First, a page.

By Shivank Taksali

Three months ago, I embarked on a journey that would bring me to a small island nation nestled beneath the southern tip of the Malay Peninsula. A country that has witnessed breathtaking transformation over the past few decades and built itself into one of the most competitive economies in the world. An island of over five million individuals striving to be at the forefront of the Fourth Industrial Revolution. A state with a strong business climate, unparalleled infrastructure, and hyper connectivity. This new chapter along my path brought me to Singapore — a unique melting pot of cultures and stories that I would call home for the next six months while on my second co-op at Ashoka.

My full-time internship at the Ashoka Singapore & Malaysia office was my first time working in the social impact sector. I had just started to scratch the surface of Ashoka’s Everyone a Changemaker world and the immense depth of the field of social entrepreneurship. Founded by Bill Drayton in 1980, the impact-driven organization identifies and invests in the world’s leading social entrepreneurs who seek to change the game and create large-scale impact on society. During my co-op, I have been fortunate enough to meet and work with some of Ashoka’s social entrepreneurs or Fellows from Southeast Asia, and I have been tremendously inspired to witness the relentless drive and commitment of these changemakers towards solving social problems.

A highlight of my co-op was when business leaders, philanthropists, and entrepreneurs convened in Singapore for the annual ASEAN Social Impact Awards organized by the Asia Philanthropy Circle, National University of Singapore Department of Social Work, our team at Ashoka, and the Ee Peng Liang Memorial Fund. I had the opportunity to collaborate with the six finalists from Indonesia, Thailand, and the Philippines. This experience opened my eyes to the remarkable culture of giving in Asia and the rise of philanthropy in the region. Ashoka Fellow, Tri Mumpuni, was the winner of the awards for the systems-changing impact her organization IBEKA has had on creating a future with electricity for all, including the most remote and inaccessible parts of Indonesia.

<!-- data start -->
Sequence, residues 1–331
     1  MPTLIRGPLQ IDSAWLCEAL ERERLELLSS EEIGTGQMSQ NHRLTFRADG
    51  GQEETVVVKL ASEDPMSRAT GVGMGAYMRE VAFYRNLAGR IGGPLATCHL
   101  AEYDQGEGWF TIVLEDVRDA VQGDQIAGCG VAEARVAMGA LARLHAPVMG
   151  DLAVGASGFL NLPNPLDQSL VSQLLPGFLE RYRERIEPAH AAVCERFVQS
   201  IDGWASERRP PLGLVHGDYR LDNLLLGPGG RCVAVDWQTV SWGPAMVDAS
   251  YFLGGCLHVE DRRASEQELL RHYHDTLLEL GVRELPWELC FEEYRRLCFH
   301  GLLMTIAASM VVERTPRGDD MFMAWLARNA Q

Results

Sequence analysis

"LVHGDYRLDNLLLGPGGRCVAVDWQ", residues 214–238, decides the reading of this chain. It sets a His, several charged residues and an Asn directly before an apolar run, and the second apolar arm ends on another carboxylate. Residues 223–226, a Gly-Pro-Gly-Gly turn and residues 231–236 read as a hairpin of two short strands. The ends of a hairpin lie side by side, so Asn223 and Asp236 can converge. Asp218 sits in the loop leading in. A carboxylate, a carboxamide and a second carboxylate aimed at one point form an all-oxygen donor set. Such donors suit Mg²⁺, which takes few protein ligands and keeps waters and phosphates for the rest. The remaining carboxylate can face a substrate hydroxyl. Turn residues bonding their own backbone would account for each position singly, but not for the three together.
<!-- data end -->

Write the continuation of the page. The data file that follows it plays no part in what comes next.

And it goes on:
This co-op has empowered me to step into a leadership role, take ownership of my projects, and embrace my capacity to create change in the community. My colleagues and I organized and executed the first Regional Ashoka Support Network Gathering to engage our community on ‘Changing Asia’ and deepening our impact across the board. I kicked off the full-day event with a brief meditation session to allow our community members to feel the energy in the room and the significance of coming together change leaders towards a shared vision. We were kindly hosted by Citizen Farm, Singapore’s first urban farm and the brainchild of Edible Garden City, which was founded by Ashoka Fellow Bjorn Low.

Working at the world’s fifth leading NGO has exposed me to a plethora of social issues in education, environment, healthcare, and technology. As we move into an era of automation and intelligent design, we are also faced with new levels of uncertainty and complexity including how we work, live, and interact with each other. More now than ever before, we will need to tap into our ability to foster cognitive-based empathy and compassion to tackle the unique challenges of the 21st century. We need to empower the youth to embody their critical role as changemakers in an ever-changing society to transform our lives and co-create a sustainable future for all.